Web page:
On the days when these reality horror films were not shown, the jihadists used the area as a public square to punish infidels or rule-breakers.
In February of that year, Mokdad recalls, a 15-year-old boy was arrested simply for listening to Western music at his father's market stall.
The boy was later beheaded.
It was a clear message to the population. Disobedience, even the most harmless kind, could and would get you killed.

Survival and Defiance

Yet, surprisingly, none of this deterred Mokdad. Somewhere along the line, he had decided that the comfort of music was, for him, worth the risk. 

In fact, his opposition became bolder. He began uploading videos of himself, performing his own compositions on his Facebook page. (Many of the videos were back-dated to the time before the ISIS-occupation.)

Only his friends who lived outside of the ISIS-held areas felt safe enough to post messages of support. Inside the zone, fear was the great silencer.


Since life under occupation is a continual risk, maintaining a routine involves a great deal of magical thinking.
This was true in Mokdad's case. He had come to believe that he would be fine, he would survive without getting caught, that he would escape the fate that had befallen others who dared to defy ISIS.
Like playing his music, this denial of the reality of his situation became a means of survival. 

Silent Fugitive 

It was, however, a self-deception that would soon come to an abrupt end. Soon, in July 2016, there was a dreaded visit by the ISIS morality police, the Hisbah. Mokdad recalls:
“They questioned me for three hours the afternoon of July 16, 2016. They took all my instruments - three violins, two guitars and a cello, and all of my CDs, and told me that they would return to my home the next day to teach me about the evils of music.”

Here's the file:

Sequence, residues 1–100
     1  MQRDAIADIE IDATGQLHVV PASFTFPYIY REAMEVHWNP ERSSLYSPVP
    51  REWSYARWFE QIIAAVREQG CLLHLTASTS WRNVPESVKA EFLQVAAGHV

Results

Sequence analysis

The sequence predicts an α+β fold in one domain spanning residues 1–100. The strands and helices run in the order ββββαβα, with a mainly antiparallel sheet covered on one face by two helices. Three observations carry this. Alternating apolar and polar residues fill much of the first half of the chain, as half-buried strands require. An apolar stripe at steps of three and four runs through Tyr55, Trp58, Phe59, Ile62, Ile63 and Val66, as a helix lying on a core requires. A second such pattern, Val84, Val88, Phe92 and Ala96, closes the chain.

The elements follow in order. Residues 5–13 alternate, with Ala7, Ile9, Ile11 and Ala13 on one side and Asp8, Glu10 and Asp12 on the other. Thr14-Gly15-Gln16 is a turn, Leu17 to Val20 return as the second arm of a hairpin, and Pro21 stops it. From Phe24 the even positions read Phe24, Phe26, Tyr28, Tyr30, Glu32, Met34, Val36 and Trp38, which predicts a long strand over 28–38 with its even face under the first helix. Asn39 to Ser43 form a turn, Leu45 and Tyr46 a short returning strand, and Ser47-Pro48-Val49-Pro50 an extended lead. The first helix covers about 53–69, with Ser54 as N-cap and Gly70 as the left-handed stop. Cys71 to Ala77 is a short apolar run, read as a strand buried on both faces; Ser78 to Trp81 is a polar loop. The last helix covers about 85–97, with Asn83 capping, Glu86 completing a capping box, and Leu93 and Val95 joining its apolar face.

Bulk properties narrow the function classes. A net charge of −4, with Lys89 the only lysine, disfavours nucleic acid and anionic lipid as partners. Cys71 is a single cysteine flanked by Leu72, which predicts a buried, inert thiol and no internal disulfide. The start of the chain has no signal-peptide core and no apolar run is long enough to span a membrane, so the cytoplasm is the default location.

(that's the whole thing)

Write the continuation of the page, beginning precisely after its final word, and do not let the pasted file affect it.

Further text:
This was all the opportunity he needed. That night, he became a fugitive, deserting his home and escaping to a new safe house in another part of town. ISIS fighters and their families were everywhere and Mokdad was trapped. He would remain trapped without his music, without contact with the outside world for the next six months. 
It was only then in mid-January of this that Iraqi troops arrived in his neighborhood. 

Today many parts of Mosul are still under occupation by ISIS. The end is, however, near for the terrorist army. Nonetheless, the tactics they are using to hold onto to the city have become more and more bloodthirsty and more harrowing for the people who have survived this long.
According to a New York Times article, the jihadists groups latest tactic is to round up local residents to Iraqi target zones with the hope that civilian casualties will discourage attacks from the air.  
The last weeks of this regime are likely to be worst than anything that has come before now.

For Mokdad, the ordeal has ended but the memories and the lessons linger. He has been reunited with his family in Baghdad and he is saving money to buy a new violin.

I will close with this piece composed and performed by Ameen Mokdad. It is called "Comfort."